Aaron Adams, owner of modernist plant-based restaurant Farm Spirit announced today he will relocate the restaurant to a new, larger location around the corner in early 2019. He has agreed to lease space at 1403 SE Belmont Street, previously occupied by Roost restaurant. He will also return to the kitchen as executive chef when the new Farm Spirit opens.
Farm Spirit is currently located at 1414 SE Morrison Street and will remain open until the new space is ready. After the move, it will convert to “Fermenter,” an innovation kitchen and workshop to house the restaurant’s bread baking, fermentation, culturing, and dehydration projects. It will also serve as a pop-up space and private dining room for special events.
The move allows Adams to effectively double the size of his business, expanding what was a 14-seat chef’s counter to a 30-seat dining room with a 6-seat counter. Dinners will continue to be a set multi-course menu featuring vegetable cookery of the Cascadia region, purchased in advance through the TOCK ticketing service. The restaurant will also continue as gratuity-free.
“I’m really excited about the next phase of Farm Spirit as a table-service restaurant,” says Adams. “We’ll be able to engage with guests more personally and take our time answering questions about an ingredient or cooking technique. And, we can better accommodate the guests who want to dine with very little interruption – whatever their preference.”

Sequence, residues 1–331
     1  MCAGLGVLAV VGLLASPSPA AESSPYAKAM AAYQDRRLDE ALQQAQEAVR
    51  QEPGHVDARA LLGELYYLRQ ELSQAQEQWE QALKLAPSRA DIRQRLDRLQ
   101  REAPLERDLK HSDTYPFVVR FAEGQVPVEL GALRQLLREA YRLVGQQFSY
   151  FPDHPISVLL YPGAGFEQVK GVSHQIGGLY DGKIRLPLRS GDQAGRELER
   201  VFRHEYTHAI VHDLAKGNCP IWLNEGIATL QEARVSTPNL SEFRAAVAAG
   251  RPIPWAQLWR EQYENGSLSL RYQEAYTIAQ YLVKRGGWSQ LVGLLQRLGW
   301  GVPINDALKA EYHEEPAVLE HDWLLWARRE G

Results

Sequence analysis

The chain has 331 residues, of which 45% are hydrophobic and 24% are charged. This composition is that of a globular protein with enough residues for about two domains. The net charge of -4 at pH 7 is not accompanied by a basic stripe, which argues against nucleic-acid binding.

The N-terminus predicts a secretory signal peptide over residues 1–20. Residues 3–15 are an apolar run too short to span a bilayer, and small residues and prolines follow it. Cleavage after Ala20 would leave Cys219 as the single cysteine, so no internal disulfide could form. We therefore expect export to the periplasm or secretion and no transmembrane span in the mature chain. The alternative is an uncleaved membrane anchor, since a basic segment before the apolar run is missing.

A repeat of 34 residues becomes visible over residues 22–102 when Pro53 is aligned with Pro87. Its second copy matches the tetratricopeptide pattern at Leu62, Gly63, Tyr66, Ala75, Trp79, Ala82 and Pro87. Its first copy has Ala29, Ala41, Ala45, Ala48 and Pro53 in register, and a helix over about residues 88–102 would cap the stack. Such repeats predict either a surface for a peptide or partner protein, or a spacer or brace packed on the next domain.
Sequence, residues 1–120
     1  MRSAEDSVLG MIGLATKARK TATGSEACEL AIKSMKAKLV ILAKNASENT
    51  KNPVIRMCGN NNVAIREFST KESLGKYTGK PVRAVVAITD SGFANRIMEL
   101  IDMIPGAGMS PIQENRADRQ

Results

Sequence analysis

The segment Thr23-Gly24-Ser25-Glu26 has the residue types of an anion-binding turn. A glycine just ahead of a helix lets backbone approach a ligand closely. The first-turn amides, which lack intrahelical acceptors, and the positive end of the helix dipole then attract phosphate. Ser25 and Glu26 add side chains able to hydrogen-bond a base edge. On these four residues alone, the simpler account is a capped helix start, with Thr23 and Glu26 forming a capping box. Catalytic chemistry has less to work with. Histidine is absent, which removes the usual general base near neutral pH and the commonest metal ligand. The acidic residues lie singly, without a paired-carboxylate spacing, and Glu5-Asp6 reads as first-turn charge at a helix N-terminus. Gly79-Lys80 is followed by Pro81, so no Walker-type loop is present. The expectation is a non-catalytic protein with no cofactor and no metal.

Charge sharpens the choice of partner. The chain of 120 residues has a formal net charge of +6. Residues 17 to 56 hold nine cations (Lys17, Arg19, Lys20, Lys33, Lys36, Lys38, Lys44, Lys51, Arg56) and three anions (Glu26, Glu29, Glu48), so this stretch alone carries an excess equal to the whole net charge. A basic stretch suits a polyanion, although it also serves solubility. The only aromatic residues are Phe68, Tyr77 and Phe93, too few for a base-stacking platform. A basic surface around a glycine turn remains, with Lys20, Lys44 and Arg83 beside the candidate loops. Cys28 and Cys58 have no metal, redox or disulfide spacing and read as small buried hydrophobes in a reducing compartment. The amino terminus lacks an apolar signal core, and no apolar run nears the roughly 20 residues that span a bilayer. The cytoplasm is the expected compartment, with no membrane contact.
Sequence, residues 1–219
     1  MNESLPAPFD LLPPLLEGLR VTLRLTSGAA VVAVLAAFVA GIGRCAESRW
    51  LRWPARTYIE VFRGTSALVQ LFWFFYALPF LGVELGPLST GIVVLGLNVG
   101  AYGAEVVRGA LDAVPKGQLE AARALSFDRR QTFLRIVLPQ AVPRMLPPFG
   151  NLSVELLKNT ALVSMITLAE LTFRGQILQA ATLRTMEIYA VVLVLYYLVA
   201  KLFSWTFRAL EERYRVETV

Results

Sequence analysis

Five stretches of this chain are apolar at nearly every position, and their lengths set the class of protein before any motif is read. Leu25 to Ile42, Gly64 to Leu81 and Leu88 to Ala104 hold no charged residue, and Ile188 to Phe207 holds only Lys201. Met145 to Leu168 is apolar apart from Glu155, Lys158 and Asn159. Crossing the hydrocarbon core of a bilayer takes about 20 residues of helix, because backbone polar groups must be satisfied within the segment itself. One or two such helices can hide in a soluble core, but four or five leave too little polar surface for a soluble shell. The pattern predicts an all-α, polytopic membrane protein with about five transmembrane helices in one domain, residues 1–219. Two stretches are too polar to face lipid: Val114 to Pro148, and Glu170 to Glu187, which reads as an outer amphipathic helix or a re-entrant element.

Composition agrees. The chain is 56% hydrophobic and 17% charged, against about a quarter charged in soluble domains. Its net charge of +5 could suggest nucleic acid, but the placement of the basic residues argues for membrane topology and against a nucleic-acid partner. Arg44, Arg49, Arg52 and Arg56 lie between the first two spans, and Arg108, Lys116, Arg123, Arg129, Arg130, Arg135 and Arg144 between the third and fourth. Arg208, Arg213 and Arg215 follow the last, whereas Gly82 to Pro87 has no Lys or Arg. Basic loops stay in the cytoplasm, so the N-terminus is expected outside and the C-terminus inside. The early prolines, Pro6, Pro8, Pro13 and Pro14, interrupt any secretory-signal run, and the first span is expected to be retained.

In opening Farm Spirit in 2015, Adams set out to prove that vegan cuisine could be elevated to a fine dining experience and executed in a sustainable manner. To this day, 99 percent of the restaurant’s food is sourced from within 105 miles of the restaurant. Furniture, pottery, and hand-carved wooden spoons are brought in from local artisans. Each employee is paid a living wage, and full-time staff get health and dental benefits as well as paid leave. Adams is determined to keep the same blueprint for “phase 2” with the hopes bringing his food to more guests than ever.
“As much as I love seeing our dinners sell out, I don’t like running a wait list, especially when people come from far away or have waited a long time to try the restaurant,” Adams says. “About forty percent of Farm Spirit’s guests are from outside Oregon. My hope is that the new Farm Spirit will be a space where more people can enjoy all the bounty this great region has to offer.”
News and information presented in this release has not been corroborated by FSR, Food News Media, or Journalistic, Inc.